Digital marketing experts are constantly analyzing the state of search to monitor trends, uses and techniques that are giving certain organizations an edge. While looking into video thumbnails (one of the most effective means of turning SERP appearances into clicks) PushON’s James Flacks came across something of an anomaly with product video thumbnails.......

There appeared to be a video thumbnail link on a search result for UK retailer Marks and Spencer, but when the link was clicked, the page contained no video. This snapshot of the SERP (showing a section that appeared below the fold) shows how the result looks, particularly in comparison to the non-thumbnailed result below it:

SERP selection showing video thumbnail

SERP selection showing video thumbnail

Taken in isolation, it could be a little trick to draw the eye and the mouse to the pictured luxury leather washbag. But Google already has a means of getting still images into search results, Product Listing Ads (PLA), which advertisers have to pay for. This technique (if indeed it is being done on purpose, and is not a bug or some kind of fossilised video remnant) effectively grabs the online retailer a PLA for the cost of an organic link, i.e., nothing.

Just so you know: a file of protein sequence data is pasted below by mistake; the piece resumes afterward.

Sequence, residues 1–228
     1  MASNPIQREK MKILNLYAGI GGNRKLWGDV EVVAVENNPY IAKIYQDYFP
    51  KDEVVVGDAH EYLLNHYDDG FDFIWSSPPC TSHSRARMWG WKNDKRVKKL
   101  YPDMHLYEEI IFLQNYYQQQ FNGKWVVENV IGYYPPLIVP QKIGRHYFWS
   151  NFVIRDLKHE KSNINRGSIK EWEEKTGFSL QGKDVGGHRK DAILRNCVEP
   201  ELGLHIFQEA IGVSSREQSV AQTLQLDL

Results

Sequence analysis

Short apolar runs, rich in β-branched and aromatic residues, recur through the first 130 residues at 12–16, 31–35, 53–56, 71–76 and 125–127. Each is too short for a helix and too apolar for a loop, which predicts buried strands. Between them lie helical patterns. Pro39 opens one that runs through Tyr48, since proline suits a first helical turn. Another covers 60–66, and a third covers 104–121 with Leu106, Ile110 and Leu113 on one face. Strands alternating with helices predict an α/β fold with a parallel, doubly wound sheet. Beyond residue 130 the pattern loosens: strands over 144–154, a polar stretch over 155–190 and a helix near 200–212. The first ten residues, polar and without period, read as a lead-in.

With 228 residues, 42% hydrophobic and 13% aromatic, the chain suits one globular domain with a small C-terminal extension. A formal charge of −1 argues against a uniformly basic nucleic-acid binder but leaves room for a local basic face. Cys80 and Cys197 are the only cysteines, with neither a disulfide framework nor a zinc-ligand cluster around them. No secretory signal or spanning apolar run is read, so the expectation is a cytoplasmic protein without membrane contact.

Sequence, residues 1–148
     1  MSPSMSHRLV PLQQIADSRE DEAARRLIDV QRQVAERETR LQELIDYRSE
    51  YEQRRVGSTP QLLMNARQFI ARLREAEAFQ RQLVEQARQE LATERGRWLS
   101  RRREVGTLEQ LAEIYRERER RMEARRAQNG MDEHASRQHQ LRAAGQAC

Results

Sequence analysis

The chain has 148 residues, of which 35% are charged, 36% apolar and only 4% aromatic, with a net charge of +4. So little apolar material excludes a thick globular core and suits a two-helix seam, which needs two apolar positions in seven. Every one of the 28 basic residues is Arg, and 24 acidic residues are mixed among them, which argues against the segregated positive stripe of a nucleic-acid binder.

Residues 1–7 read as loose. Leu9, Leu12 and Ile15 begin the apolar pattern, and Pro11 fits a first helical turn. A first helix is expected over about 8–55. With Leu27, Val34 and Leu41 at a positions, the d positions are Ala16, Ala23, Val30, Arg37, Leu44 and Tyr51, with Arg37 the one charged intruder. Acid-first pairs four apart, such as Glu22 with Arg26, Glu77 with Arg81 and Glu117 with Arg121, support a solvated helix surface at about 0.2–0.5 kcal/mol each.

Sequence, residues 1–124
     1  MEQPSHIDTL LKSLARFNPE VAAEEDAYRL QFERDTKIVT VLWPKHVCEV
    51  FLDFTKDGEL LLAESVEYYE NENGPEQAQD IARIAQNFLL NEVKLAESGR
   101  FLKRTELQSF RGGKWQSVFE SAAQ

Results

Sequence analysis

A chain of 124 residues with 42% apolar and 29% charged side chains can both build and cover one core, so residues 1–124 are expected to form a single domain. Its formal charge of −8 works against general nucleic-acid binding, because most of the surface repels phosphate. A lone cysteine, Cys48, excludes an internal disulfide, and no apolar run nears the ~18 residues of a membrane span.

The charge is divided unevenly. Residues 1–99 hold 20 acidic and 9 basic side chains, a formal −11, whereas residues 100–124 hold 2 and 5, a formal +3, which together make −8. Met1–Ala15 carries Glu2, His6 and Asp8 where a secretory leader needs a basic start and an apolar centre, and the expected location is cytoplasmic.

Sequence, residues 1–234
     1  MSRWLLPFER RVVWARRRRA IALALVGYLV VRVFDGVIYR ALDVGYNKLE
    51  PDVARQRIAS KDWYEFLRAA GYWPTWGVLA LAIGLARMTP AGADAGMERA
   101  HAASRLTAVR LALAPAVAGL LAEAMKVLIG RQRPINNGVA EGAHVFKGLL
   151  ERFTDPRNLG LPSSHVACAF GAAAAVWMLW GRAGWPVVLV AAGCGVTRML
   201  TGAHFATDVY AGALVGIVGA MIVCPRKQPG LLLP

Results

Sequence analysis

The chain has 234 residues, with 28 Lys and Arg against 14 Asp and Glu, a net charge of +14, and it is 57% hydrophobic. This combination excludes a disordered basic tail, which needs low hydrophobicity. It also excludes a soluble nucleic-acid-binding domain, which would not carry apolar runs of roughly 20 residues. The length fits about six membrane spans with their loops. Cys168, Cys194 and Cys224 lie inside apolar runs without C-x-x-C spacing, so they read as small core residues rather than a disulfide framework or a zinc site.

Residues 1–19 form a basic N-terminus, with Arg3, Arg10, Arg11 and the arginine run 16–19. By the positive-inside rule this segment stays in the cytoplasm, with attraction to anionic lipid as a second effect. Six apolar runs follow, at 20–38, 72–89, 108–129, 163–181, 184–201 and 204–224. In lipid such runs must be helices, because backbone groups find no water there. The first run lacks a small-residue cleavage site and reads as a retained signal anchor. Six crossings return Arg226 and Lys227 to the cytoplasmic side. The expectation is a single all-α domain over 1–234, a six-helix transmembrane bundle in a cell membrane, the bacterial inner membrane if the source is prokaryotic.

And if it's deliberate, Marks wouldn't just trying to corner the lucrative luxury leather washbag market, either. Plenty of their pages look like they’re going to show videos but don’t.

Maybe there’s an innocent explanation. But the results hint that something clever is going on. There’s no doubt that searchers are more likely to click on a lovely colourful image than on a dull blue hyperlink, a fact that’s proved by the premium that retailers will pay for PLAs over normal PPC ads. If the results can so easily be manipulated to show false video thumbnails, anyone who’s coughed up for the premium ad might have grounds for complaint if it turns out that you can get an image link for free.

There could be a loophole that needs closing up here.

Video Thumbnails: Further Resources